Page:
The Italian group Radura — who describe themselves as performers of “cosmic screamo” on their Bandcamp profile — deal with a consistently shifting mist of unsteady emotion across their compellingly poignant new full-length record, Effetto Della Veduta D’Insieme. The complicated nature of the emotional states reflected across the album seems like an overarching theme of the trek, which largely sticks to a mid-range but contemplatively inclined pace.
Radura explore the tension of inward unease, as though suddenly becoming awash with metaphysical ache. The instrumentals reflect this feeling, shifting between more straightforwardly oriented emotional outpourings and increasing restraint, as though somehow lifting up towards the heavens before crashing back down below or like suddenly finding the strength to keep moving before getting overcome by debilitating emotion once again and crumpling to the ground.
Standing alone in the rain while feeling like weeping yet struggling to sensibly formulate and express the emotion — that’s right where Radura operate, shining a light on lonesome and pained moments.
The group takes a starkly pointed approach to the precarious mental ground that they venture across — their melodies prove captivating, and Radura often stick to a kind of punchy post-hardcore, with emotively thudding, shiver-inducing tones. It’s like listening to an evening storm rattle a rooftop, with occasional stark claps of thunder. The music is relatively formidable, with strong songwriting overlaid by occasionally searing passion. “Araucaria,” among other highlights, features a moment of jarringly brisk instrumentation, although more meditative vibes quickly return.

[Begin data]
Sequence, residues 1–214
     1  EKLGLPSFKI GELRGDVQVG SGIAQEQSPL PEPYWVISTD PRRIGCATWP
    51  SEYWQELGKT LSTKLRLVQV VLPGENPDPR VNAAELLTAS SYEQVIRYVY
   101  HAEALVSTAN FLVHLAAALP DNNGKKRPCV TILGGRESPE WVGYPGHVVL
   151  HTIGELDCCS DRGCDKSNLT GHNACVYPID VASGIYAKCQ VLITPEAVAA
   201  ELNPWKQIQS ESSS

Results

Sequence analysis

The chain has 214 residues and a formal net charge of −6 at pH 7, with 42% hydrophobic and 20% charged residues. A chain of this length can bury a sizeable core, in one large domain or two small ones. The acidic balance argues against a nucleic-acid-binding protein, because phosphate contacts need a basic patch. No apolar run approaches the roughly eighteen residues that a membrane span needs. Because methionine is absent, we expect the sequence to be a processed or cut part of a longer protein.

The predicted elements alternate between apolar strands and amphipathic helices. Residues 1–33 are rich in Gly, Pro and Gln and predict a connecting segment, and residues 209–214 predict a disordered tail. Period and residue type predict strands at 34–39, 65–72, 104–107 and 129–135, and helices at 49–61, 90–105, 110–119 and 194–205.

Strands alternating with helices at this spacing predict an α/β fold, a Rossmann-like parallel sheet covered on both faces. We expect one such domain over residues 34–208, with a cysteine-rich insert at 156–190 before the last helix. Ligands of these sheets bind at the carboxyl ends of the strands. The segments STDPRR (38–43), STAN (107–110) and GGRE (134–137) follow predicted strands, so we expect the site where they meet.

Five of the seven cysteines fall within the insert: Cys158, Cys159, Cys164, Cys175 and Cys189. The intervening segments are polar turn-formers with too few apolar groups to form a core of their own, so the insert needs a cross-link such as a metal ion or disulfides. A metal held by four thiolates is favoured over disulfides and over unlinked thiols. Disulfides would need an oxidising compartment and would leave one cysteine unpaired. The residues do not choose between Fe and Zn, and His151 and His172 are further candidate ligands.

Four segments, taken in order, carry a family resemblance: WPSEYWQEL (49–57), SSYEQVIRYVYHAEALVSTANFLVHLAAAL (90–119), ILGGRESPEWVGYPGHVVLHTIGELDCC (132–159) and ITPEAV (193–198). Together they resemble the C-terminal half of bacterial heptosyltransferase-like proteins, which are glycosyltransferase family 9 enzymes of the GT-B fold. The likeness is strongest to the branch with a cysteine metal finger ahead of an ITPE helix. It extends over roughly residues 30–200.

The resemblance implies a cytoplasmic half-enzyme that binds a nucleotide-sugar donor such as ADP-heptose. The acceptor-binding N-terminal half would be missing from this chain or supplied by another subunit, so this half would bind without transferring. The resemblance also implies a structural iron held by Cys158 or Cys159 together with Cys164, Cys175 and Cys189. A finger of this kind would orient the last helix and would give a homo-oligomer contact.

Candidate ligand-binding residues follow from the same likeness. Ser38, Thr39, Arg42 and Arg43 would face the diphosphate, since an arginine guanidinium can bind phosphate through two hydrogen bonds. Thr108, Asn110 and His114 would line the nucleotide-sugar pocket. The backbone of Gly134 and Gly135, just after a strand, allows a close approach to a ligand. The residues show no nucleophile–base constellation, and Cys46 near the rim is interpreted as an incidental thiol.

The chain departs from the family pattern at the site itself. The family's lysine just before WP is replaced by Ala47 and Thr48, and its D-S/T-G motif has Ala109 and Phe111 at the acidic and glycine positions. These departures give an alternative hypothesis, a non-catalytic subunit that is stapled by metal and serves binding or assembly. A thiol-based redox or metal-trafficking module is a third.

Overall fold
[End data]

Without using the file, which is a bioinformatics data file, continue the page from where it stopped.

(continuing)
Generally speaking, Radura are direct, and their music sounds catharsis-inducing, although more than sudden relief, they deliver something like the warmth of understanding. Their music — which sports an impressively broad dynamic range from spoken word-like passages to intricate moments somewhat on par with math rock alongside points when floodgates totally break — imparts a sense of honest acknowledgement of the scope of emotional turmoil.
Ultimately, that feeling seems freeing, even if that freedom doesn’t exactly lead to an overwhelmingly brighter horizon. The music is nonetheless refreshing, as the shouted passion communicated by both the instrumentals and the emotively wavering vocals provides a jolting look at life amid the tumult-inclined haze.
The record’s textural range includes acoustic guitars that appear across album opener “La Luce Che Copre Gli Angoli,” which — rhythmically speaking — consistently pushes forward, as though capturing urgent and increasingly desperate longing for some kind of relief. Meanwhile, “Tutto Il Tempo Che Ho Passato A Non Vedere” (which features almost nine minutes of music) has a bit more overt drama in some of its overall forceful rhythms.
Notably, this album repeatedly seems a bit quieter than one might expect. When a resounding crescendo might appear, Radura instead revert to subtler emotion, keeping the focus personal, and — in a way — peaceful. The album’s environment seems quite overcast, with a moderate blanket of hazy atmosphere settling in across the mix, but there’s a kind of security in the rhythmic restraint. It’s not overwhelming. Instead, Radura sound like they find a path out from the metaphorical fog, like the musical equivalent of a steady embrace.
Effetto Della Veduta D’Insieme by Radura is available via an array of record labels from around the world.